Car nuts may think they have exclusive rights to the clutch, but that is not so. In fact, the clutch mechanism is not merely a part of an automobile, but it is also a part of many day to day tools and appliances, including drills and chainsaws. The clutch is an important part of these mechanisms – it transfers the turning effect from the engine to the moving part.
Have you ever wondered how the “clutch” pedal at your feet in the driver’s seat works? The clutch pedal is connected to the clutch mechanism of your car via a cable connector or a hydraulic system. The clutch mechanism may actually be quite near to the pedal, but it is still not connected to the clutch pedal by mechanical means. The reason is simple – it is because of the non fixed position of the engine. Even in the most modern cars, the engine tends to move a little when it is running. This is quite normal. Nevertheless because of this, although old cars used to connect the clutch mechanism mechanically to the pedal, that is not so in the newer model of cars.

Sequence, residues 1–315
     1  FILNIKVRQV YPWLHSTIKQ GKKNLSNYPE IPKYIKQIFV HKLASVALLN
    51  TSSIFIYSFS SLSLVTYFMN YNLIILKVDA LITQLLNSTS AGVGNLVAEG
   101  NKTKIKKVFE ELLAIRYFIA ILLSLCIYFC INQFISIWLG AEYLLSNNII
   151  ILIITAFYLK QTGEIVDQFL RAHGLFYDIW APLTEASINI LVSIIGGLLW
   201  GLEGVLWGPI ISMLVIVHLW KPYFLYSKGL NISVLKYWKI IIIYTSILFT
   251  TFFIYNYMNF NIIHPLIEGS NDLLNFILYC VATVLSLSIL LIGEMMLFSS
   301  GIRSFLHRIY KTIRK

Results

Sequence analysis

The clutch mechanism is actually engaged when the pedal is not pressed. Pressing on the clutch pedal causes the clutch plates to disengage. This gives you the ability to coast or shift gear.
One misconception about clutches may be that automatic transmission cars don’t have it. That is not true however. And, as a matter of fact, manual transmission cars have more than one clutch!
So what exactly does the clutch do? A clutch is required in any system that operates two rotating devices in order to separate them so they can operate at different speeds. For example, the engines of the car are connected to the wheels. Both the engines and the wheel rotate. But how can you separate the wheel from the engine, so that the engine would still be running, but the wheels can be stopped from spinning? For that you need a clutch mechanism.Read More